Fabián García, a Mexican immigrant whose research at New Mexico State University helped influence agriculture nationwide, will be inducted this fall into the National Agricultural Center’s Hall of Fame in Kansas, joining the ranks of Thomas Jefferson, George Washington and Eli Whitney, among other notable contributors to agriculture.
García is the first Hispanic member of the Hall of Fame and the first New Mexican to be inducted. The ceremony is scheduled to take place Oct. 8.
“Fabián García is a name more New Mexicans should know,” Gov. Michelle Lujan Grisham said. “The impact he made on agriculture in this state and beyond is a legacy that endures. He is every bit worthy of this honor, and my hope is New Mexicans both present and future will recognize his indelible contributions to our state.”
New Mexico Secretary of Agriculture Jeff Witte nominated García for the distinction.
“Fabián García’s induction into the National Agricultural Hall of Fame should make the entire state of New Mexico proud,” Witte said. “With his chile pepper research and development, he greatly influenced agriculture – not only in New Mexico – but in the entire country. As a Hall of Famer, he joins a list that includes Abraham Lincoln, Isaac Newton and John Deere, and he is very deserving of this recognition.”
García, who died in 1948, left behind no living relatives, but his legacy is still felt today. He was born in 1871 in Chihuahua, Mexico, and became an orphan early in his life. His grandmother moved with him to the Mimbres Valley when García was only 2 years old. Once there, García’s grandmother became a domestic worker, and she later found work with the Casad family in what is now known as Old Mesilla. The family provided García with a private tutor and later sent him to what was then known as Las Cruces College.
In 1894, García became a member of the first graduating class of New Mexico College of Agriculture and Mechanical Arts, now known as NMSU. He studied for another year at Cornell University but returned to Las Cruces to receive his additional degrees.
In 1907, García married Julieta Amador, a member of a prominent Mesilla Valley family. The couple had no surviving children, and Amador died in 1920. García never remarried, preferring the environment of his beloved university.
In 1914, García was named the first director of the state Agricultural Experiment Station as well as horticulturalist. His accomplishments include producing the first reliable chile pod, which was the beginnings of what is now the Sandia pepper popular among chile lovers. He also introduced the Grano onion breed, and was instrumental in planting some of the first pecan trees in the Mesilla Valley. Some of the 35 pecan tree varieties he helped plant still stand today.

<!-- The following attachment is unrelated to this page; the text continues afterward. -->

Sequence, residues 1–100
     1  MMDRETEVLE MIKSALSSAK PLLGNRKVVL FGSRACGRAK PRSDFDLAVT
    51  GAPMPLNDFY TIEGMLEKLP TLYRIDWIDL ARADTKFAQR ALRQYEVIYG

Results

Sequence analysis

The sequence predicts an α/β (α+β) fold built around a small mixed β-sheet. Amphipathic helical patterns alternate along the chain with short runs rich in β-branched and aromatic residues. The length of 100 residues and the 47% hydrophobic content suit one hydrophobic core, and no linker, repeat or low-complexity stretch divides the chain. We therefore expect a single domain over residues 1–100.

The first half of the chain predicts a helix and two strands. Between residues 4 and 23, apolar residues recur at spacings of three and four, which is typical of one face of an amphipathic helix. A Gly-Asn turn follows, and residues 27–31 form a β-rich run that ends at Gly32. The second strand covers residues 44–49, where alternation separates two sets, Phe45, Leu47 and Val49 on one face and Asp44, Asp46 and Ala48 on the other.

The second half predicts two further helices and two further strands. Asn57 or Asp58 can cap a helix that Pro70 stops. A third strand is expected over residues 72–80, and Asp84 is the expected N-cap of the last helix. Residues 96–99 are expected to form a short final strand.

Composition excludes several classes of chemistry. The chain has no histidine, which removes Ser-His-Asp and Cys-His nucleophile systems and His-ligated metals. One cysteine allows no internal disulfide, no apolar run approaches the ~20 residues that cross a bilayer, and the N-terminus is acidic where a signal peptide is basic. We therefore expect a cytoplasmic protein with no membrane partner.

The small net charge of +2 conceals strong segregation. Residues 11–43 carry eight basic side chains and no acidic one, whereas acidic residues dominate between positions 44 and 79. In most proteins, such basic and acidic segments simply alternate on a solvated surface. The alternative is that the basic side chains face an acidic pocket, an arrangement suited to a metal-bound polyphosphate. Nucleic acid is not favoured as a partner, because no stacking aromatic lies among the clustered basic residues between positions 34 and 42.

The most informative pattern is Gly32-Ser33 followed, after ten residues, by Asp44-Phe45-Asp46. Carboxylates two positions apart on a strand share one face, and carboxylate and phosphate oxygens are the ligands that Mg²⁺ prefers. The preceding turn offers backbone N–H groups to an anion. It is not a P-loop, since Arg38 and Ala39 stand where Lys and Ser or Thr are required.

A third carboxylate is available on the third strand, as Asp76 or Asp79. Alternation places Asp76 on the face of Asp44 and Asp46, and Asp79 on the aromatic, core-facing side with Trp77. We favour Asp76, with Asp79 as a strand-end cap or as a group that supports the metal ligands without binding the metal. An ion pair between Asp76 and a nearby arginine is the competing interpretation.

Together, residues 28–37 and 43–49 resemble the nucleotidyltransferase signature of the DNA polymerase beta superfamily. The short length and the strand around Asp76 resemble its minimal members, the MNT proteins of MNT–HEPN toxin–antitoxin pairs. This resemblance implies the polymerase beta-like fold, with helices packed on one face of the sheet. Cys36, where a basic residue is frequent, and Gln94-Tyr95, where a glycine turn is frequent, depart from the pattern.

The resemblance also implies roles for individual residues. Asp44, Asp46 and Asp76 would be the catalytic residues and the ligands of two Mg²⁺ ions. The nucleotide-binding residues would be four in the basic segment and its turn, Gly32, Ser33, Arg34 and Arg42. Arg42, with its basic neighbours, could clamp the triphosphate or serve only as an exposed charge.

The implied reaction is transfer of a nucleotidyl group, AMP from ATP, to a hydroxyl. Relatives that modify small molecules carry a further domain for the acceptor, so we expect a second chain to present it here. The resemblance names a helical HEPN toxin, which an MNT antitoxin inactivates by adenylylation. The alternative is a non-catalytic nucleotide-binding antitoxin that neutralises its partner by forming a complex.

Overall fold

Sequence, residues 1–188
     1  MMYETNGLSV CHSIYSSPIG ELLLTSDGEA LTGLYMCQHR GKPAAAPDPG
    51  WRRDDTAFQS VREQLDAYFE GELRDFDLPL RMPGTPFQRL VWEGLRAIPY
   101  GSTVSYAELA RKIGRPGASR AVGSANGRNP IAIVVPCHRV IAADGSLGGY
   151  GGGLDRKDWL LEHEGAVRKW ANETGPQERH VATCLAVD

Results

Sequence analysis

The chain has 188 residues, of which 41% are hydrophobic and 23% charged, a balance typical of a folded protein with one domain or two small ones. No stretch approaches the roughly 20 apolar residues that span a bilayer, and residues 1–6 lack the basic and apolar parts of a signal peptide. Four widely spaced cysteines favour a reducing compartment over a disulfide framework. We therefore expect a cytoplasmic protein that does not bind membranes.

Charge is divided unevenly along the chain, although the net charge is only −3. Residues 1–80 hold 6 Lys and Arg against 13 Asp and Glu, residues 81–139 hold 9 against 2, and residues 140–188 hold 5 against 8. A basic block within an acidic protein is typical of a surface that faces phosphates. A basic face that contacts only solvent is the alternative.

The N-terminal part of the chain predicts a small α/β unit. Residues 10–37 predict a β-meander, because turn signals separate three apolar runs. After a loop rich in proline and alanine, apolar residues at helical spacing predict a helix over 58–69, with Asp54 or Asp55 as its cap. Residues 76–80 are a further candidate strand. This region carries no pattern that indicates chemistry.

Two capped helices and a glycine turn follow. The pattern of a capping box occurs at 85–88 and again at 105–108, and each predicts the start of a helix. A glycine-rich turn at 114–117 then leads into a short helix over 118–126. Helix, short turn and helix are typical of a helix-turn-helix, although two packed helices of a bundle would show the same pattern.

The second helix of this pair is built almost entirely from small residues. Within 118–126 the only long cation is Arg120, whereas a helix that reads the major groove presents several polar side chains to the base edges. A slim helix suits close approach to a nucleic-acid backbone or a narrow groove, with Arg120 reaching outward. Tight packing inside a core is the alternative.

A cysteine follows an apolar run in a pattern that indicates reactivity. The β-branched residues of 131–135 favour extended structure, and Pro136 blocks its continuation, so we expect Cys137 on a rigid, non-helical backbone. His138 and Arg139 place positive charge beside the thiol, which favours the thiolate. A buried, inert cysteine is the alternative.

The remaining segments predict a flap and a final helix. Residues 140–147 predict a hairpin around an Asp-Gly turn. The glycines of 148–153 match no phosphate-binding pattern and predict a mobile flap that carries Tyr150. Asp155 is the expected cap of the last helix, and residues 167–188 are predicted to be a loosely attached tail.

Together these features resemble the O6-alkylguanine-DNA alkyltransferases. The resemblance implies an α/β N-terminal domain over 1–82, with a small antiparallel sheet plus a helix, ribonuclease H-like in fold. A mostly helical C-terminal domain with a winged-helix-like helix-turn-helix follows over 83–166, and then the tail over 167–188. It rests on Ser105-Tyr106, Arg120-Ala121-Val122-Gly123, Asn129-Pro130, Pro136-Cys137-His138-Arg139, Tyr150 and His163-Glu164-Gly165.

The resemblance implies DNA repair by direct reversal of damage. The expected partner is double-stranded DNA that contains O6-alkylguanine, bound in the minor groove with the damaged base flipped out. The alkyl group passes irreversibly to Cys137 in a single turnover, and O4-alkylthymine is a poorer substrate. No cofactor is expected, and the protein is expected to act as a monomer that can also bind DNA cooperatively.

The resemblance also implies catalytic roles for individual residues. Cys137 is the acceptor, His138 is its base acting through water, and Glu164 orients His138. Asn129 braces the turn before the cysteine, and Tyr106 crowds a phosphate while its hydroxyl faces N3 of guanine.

García is also credited with developing modern irrigated agriculture in the state, and his horticulture publications included tests on pear, peach, grape and plum varieties, as well as trials of onion, spinach, melon and cauliflower varieties.
García’s reputation was that of someone who embraced tradition but did not resist change. He mixed humor with firmness, often joking to make a point and cajoling his researchers and others into agreement or compromise. He was financially astute, and had an impressive administrative reputation. Although at times he faced prejudice because of his Mexican heritage, he was also respected throughout the state because of his work.
“Fabián García was a dedicated NMSU educator, an innovator and a pioneer in the science and technology of agriculture,” said NMSU President John Floros. “His ideas in breeding and growing better plants that people would use for a more reliable, sustainable and tastier food supply, transformed agriculture in New Mexico, the country and the world. His passion for education changed numerous student lives, which in turn contributed hugely in making life better for everyone. His induction into the National Agricultural Hall of Fame is a testament to his legacy, and NMSU’s impact.”
Because of his background, García went out of his way to help poor Mexican-American students, often providing them rooms at the farm while they attended school. In his later years, he was known to say, “Don’t be ashamed to say you’re Mexican. I came from Mexico and I’m proud of it.” After his death in 1948, García left behind more than $85,000 to fund a campus dormitory and scholarships for poor youths with Spanish names, because, “I want to help poor boys, for I know their hardships.”
“The exemplary work of Fabián García in the farm fields of New Mexico and in NMSU’s life will live with NMSU and it is a wonderful role model to thousands of NMSU students of all ethnicities,” said NMSU College of Agricultural, Consumer and Environmental Sciences Dean Rolando Flores. “Fabián García, a unique hero of the College of ACES, is a testimony of the large number of Hispanic contributions to this great country.”
García was diagnosed with Parkinson’s disease, which left him bedridden and hospitalized in 1945, but he didn’t give up his love for agriculture and the university. He attempted to continue his directorship from his hospital bed, but university regents offered García the opportunity to retire.
His agricultural work made a such an impact, the university has named a 45-acre research station after him, as well as NMSU’s faculty-senate hall, its largest dormitory, and the building that houses the NMSU Center for Academic Advising and Student Support. He later received honorary doctorates from NMSU and the University of New Mexico.
“García devoted his life to agricultural science, and his work changed the face of New Mexico agriculture, and that of a nation,” said Paul Bosland, former Regents Professor of Horticulture, Distinguished Achievement Professor and Chile Pepper Institute Director.